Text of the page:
So You Want to be a Pharmacist?

Inevitably while speaking with those interested in pharmacy as a career or those who have already made the leap of faith and into pharmacy school, the question arises, "If you could do it all over again, would you?"  Or, "Do you regret your choice to be a pharmacist?"  "Is this a fulfilling job?"  The question is the same, really, "Do you like your job?"

I always pause because the answer cannot be summed up in one word though sometimes I do just throw a one-word answer out there.  If I had known what I know today, I can say that I may not have done it again.  You see, pharmacists have this strange backup to the supporting actor role to the main character (the physician).  In the past, a pharmacist filled prescriptions and didn't think much about the interaction as part of a greater team, and if they happened to stumble upon a pseudo-team moment, it was gone just as quickly as it was realized.  Yes, I caught mistakes in retail pharmacy to prompt a phone call to the physician and save the day in my early days.  But, even then, that was not enough.  I am a hands-on person and unfortunately, there are not an abundant of opportunities staring me in the face locally for that type of interaction with the patient.  Sometimes, there are moments where I see the potential for pharmacists in the future, especially when federal laws are modified to include us as providers, but I'm reminded that the process of changing Medicare and other federal laws is long.

If I knew the future and that it would include provider status, I would probably choose pharmacy again. 

As of today, what can you expect?

1.  Expect a non-traditional working shift:  When choosing a career in pharmacy, make sure you understand that generally speaking the medical field equals a non-traditional shift.  You cannot work 9-5 unless you somehow climb a ladder that has been reluctantly vacated by a retiring pharmacist and land in management or you somehow find a niche where possible.  Long-term care offered that for a couple of years or so until the company I worked for went out of business, but there were still rotating weekends.  How can  you make this better?  First, if you happen to work for a company with non-traditional shifts, know that not all companies have rotating shifts where work-life balance is important.  I have worked for companies with a rotating schedule where I knew 2-3 months in advance what to plan and have worked for those who release a schedule days to one week with no preparation on what is next.  The former definitely makes work-life balance better.  If I have learned anything in the past several years of working, a strong rotating schedule can make a work team a lot happier.  So, yes, the work shift may not be traditional and you may have to work holidays, but knowing far in advance really makes a big difference.  Anything short of that may filter the perfect job with a lot of stress and tension with work and outside work activities.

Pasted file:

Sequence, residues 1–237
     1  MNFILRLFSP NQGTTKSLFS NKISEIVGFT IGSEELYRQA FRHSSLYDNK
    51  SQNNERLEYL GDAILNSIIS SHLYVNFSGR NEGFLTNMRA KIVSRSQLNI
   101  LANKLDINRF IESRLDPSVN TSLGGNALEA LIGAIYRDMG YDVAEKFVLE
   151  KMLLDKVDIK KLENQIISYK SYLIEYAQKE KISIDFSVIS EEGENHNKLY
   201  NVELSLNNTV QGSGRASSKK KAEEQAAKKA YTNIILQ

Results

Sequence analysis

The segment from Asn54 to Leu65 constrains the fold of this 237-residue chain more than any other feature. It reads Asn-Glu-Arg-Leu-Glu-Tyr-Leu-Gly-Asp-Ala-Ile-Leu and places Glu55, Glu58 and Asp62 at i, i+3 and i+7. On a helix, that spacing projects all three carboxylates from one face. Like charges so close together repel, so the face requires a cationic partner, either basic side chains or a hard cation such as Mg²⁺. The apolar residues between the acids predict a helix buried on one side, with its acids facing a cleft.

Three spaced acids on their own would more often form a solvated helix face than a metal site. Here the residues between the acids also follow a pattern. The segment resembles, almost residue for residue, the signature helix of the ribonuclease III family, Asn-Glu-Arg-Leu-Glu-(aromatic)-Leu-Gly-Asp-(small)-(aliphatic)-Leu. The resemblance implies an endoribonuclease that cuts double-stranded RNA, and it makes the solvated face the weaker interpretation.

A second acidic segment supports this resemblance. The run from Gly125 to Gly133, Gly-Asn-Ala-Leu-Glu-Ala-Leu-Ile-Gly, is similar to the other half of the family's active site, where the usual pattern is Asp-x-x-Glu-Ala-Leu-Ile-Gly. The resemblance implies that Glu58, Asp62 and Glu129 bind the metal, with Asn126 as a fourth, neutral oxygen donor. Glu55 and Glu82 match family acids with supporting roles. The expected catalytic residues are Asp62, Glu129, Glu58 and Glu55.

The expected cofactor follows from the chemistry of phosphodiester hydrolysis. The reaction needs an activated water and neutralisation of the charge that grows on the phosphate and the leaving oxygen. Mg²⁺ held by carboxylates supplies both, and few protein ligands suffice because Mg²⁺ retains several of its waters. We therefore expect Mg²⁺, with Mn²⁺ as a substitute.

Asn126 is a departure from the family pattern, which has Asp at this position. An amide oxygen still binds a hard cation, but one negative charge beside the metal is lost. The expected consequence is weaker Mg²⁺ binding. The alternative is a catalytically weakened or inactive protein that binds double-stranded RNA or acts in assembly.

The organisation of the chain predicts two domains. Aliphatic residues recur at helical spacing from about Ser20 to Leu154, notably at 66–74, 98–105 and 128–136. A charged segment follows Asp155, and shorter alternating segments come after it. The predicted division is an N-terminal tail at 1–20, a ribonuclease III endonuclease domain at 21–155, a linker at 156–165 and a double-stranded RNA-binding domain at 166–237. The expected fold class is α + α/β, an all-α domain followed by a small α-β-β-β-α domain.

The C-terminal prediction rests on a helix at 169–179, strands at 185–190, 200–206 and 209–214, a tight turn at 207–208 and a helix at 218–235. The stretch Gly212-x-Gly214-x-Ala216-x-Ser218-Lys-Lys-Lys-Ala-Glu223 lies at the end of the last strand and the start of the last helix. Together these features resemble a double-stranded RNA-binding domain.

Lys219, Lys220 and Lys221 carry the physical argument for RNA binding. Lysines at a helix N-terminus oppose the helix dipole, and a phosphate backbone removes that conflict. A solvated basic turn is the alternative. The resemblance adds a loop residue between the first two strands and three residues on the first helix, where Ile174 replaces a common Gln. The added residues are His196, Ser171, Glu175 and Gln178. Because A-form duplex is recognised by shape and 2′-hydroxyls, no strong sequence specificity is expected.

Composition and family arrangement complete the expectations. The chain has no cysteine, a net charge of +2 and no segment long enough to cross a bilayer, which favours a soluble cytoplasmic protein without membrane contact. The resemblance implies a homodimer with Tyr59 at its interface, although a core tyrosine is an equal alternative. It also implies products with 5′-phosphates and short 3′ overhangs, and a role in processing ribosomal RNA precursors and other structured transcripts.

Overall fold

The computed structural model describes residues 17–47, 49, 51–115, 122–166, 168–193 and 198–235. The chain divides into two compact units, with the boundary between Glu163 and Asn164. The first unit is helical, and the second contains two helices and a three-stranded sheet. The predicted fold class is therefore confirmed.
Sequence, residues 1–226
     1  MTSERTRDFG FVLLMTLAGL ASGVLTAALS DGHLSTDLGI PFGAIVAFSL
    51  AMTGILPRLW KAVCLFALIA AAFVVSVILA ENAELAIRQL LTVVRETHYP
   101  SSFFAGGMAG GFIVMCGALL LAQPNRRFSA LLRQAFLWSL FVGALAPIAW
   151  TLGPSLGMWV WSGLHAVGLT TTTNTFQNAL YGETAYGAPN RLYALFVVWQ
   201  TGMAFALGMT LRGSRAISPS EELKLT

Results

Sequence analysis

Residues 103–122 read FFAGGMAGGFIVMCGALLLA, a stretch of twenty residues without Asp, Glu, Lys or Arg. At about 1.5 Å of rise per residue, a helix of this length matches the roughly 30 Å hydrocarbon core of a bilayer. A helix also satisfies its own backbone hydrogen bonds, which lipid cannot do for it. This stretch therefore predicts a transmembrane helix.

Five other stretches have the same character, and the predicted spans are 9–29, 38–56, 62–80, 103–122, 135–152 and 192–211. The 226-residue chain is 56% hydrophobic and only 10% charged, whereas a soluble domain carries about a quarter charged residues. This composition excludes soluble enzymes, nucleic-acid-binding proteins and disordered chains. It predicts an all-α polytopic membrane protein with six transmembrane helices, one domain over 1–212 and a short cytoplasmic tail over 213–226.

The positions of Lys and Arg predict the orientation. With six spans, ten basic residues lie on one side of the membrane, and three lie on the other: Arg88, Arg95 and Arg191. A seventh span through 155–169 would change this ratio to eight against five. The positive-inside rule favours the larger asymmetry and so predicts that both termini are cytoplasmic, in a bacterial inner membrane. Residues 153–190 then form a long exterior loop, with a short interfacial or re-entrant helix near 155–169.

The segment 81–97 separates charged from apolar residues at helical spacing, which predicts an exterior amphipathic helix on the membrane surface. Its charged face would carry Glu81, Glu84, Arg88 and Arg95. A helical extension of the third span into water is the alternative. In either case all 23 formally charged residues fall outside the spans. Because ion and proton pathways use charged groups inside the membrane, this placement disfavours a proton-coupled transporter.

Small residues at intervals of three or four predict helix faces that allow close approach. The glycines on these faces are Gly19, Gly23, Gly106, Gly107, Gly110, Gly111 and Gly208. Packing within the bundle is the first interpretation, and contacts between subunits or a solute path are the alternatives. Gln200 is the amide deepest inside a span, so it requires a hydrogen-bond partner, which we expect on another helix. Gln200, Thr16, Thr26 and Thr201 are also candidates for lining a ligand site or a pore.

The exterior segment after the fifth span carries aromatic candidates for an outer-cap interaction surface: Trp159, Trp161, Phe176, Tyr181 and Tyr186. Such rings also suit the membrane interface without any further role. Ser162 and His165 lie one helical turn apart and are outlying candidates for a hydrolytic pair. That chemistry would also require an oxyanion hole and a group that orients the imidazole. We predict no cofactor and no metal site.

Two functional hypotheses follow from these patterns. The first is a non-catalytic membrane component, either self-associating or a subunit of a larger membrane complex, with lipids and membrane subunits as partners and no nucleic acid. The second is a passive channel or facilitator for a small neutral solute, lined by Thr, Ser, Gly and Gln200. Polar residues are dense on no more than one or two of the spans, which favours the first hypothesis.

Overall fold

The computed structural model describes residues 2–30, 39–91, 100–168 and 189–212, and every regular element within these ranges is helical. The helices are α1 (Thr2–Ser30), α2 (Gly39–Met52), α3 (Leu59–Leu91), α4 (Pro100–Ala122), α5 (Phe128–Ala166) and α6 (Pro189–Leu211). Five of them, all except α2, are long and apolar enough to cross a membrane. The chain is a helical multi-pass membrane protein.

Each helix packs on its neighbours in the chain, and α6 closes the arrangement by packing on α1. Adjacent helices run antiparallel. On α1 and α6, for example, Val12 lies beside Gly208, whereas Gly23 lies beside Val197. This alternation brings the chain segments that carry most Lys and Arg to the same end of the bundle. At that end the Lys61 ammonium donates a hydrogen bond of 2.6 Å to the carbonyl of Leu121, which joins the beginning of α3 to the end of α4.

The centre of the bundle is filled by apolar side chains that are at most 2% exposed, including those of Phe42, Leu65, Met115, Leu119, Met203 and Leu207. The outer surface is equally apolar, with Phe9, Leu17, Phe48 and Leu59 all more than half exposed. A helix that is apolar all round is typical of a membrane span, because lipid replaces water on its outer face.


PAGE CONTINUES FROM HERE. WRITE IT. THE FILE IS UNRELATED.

2.  Expect to keep learning.  One thing that I have learned (the hard way) is that learning did not stop at graduation.  FDA discovers that drugs don't work as once thought (and tested), anyone remember Vioxx and Fen-Phen?, and guidelines change (remember every woman in menopause was on Premarin?  I had put my brain in neutral back several years ago and really noticed that feeling of impending ignorance arise when a healthcare professional calls on the phone to ask a question that I could not answer.  This applies really to all jobs.  Continuing education and keeping abreast of the latest and greatest will empower any pharmacist to do a better job.

3.  Expect to move if you need to find a new job immediately.  The job market is saturated.  The Bureau of Labor Statistics reports that employment of pharmacists is projected to grow 14 percent from 2012 to 2022, about as fast as the average for all occupations. Increased demand for prescription medications will lead to more demand for pharmaceutical services. With the increase in pharmacy schools, many new graduates are finding less options for work. As one article is appropriately named, the Pharmacy School Bubble is About to Burst. Also it is expensive.

4.  Expect to consider diversifying and/or find a niche. Many pharmacists today are obtaining board certification status and/or obtaining further education (MBA, MPH). Some go into the informatics side of pharmacy. Finding a niche or obtaining more credentials can help differentiate one pharmacist from another when applying for a job.

As far as the job itself, there is potential of pharmacists in the future. I am optimistic about pharmacists having a stronger role in the healthcare team.  If that happens, I will give a solid, "I would do it again!"

 

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